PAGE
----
“There has not been a more timely and important book written this decade. … In summary, Too Big to Save is comprehensive, rigorous, and descriptive as well as prescriptive. The US economy is too important a global player to be ignored, and Pozen’s analysis in ‘Too Big Too Save’ is too important to not be read. This book is truly a gem and a strongly recommended read.”
—Sean Cameron, The Harvard Law School Forum on Corporate Governance and Financial Regulation ( http://blogs.law.harvard.edu/corpgov , November 2009

“The best finance book I've read so far this year (and I've read a slew of them) is Robert C. Pozen's Too Big to Save? How to Fix the U.S. Financial System. … I can't think of anybody who has covered such a range of issues so efficiently or so well.” (Brad DeLong, ( http://delong.typepad.com, November 2009

"TOO BIG TO SAVE? asks and answers the questions weighing on every American's mind...a highly readable and well-paced narrative...a valuable guide to a wide audience of readers, from American voters who felt disenfranchised by the events of September 2008 and are looking for an accessible resource to further inform their perspective, to professionals who seek a single source for an engaging account of the crisis and its implications for businesses today and tomorrow."
—Elizabeth Leonard, Forbes.com, December 2009

"University economists are already teaching courses on the history of the financial crisis of 2008 and the policy responses that followed. Robert Pozen's new book could become required reading."
—Ross Kerber, Reuters, December 2009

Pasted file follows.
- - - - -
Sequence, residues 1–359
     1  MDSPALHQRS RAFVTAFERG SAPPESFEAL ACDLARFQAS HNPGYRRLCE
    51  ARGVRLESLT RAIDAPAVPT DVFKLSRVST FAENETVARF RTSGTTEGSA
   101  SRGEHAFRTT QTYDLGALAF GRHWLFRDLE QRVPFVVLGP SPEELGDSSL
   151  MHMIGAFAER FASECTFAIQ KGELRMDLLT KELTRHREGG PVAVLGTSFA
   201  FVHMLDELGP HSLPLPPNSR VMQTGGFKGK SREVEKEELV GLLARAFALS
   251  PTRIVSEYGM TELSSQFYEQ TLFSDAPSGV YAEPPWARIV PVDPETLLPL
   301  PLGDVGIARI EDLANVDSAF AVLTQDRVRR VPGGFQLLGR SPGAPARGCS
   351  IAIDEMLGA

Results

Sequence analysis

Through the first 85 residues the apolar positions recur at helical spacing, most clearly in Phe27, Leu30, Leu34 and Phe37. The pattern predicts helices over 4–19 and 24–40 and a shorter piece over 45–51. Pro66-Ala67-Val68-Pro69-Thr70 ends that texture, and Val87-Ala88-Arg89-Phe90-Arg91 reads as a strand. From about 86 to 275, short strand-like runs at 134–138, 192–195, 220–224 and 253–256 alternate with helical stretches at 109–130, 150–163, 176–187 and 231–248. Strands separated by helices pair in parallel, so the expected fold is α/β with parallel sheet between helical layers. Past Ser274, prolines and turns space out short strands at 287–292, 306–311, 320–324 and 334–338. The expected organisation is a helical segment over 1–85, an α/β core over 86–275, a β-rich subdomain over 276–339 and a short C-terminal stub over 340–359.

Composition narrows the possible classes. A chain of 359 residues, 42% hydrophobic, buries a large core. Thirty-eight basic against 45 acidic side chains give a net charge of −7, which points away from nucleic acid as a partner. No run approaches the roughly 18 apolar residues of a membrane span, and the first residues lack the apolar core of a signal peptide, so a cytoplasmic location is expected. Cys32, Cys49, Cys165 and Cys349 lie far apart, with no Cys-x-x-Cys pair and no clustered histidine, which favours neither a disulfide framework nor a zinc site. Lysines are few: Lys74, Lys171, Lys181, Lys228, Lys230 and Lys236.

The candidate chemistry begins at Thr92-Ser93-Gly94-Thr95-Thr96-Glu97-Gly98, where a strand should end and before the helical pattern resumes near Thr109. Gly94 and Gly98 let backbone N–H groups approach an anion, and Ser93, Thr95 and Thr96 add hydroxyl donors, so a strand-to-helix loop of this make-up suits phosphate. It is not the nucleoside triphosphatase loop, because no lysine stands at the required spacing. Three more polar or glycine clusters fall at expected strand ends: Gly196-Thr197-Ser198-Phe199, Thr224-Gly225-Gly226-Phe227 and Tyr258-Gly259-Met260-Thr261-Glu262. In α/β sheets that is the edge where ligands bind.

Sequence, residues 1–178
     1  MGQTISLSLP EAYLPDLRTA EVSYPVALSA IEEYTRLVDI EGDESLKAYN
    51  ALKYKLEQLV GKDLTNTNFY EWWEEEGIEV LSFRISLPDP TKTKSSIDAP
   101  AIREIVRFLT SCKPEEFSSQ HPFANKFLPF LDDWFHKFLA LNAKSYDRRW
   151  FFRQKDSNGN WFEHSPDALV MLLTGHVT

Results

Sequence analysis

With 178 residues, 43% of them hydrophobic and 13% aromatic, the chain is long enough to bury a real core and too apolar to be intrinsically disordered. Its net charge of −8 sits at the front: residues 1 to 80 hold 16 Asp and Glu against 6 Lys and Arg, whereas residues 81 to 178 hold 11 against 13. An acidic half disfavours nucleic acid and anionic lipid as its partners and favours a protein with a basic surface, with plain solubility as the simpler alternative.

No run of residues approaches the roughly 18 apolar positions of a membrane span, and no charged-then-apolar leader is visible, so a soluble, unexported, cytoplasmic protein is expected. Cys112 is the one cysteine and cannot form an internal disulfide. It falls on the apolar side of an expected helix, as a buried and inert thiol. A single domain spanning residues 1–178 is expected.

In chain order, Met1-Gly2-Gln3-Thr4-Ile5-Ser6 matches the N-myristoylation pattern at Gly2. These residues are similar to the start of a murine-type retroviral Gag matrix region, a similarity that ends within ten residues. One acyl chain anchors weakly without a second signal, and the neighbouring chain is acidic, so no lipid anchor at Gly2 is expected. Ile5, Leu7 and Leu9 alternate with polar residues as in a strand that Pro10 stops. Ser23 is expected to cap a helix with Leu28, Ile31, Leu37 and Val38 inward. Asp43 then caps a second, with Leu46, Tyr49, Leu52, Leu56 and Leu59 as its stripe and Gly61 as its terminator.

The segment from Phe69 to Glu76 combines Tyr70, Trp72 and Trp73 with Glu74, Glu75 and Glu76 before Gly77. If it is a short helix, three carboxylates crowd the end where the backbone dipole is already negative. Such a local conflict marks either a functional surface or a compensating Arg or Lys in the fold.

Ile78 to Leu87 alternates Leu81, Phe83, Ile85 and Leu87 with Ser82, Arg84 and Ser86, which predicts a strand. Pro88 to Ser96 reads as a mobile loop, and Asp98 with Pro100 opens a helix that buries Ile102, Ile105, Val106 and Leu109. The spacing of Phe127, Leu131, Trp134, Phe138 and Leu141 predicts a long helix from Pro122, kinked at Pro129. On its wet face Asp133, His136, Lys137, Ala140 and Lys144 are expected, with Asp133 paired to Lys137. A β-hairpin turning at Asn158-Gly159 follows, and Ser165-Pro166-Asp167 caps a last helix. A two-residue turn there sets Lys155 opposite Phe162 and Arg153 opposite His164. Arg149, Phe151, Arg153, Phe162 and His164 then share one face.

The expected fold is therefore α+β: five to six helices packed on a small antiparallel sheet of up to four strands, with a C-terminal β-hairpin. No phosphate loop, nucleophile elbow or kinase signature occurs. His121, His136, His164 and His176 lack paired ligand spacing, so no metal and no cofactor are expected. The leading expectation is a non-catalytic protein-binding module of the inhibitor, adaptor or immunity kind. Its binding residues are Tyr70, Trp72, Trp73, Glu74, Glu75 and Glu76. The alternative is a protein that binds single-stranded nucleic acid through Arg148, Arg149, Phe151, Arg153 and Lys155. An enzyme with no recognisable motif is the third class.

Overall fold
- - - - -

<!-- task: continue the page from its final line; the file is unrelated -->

"To command the weary reviewer’s attention, any new book on the aberrations of the financial community has to have a clear focus and make a compelling case. In Too Big To Save? Robert Pozen, chairman of mutual fund group MFS Investment Management and a former vice-chairman of Fidelity Investments, pulls off the trick. … The story of excessive risk-taking and leverage is lucidly told and accessible to the layman, with good explanations of securitisation, toxic structured products and the global dimension of the crisis. The policy recommendations are thoughtful and mostly full of good sense."
— John Plender, Financial Times, February 2010

"The first thing one can see from the book is how much of a genius Robert Pozen is. He has a clear grasp on many complex issues facing the US and world economy. Too Big to Save? is probably the best book about financial reform written so far."
—Jacob Wolinksy, GuruFocus.com, February 2010

"... thorough, intelligent and straightforward ..."
—Jim McTague, Barron's, March 2010

"While there are many books on the financial crisis, too many of them say too much about what went wrong and not enough about how to fix the problem. Bob Pozen's book Too Big to Save? (Wiley, 2009) breaks the mold. It not only analyzes the causes of the crisis with uncommon clarity, but also supplies a compelling road map for reform."
—Stephen J. Hadley, Harvard Business Review, March 2010

"If you’re only going to read one book on the financial crisis, this should be the one."
— Matthew Rees, The American, May 2010

Product Details

ISBN-13:
9780470499054
Publisher:
Wiley
Publication date:
11/09/2009
Pages:
480
Product dimensions:
6.10(w) x 9.10(h) x 1.60(d)

Meet the Author

Robert Pozen is Chairman of MFS Investment Management®, which manages over $150 billion in assets for individual and institutional investors. He currently is a senior lecturer at the Harvard Business School and was chairman of the SEC advisory committee on improving financial reporting, 2007 through 2008. In 2001 and 2002, Pozen served on President Bush's Commission to Strengthen Social Security. In 2003, he served as Secretary of Economic Affairs for Massachusetts Governor Mitt Romney. Pozen was also formerly vice chairman of Fidelity Investments and president of Fidelity Management & Research Company. He has published a broad variety of articles in the Wall Street Journal, the New York Times, and the Financial Times of London.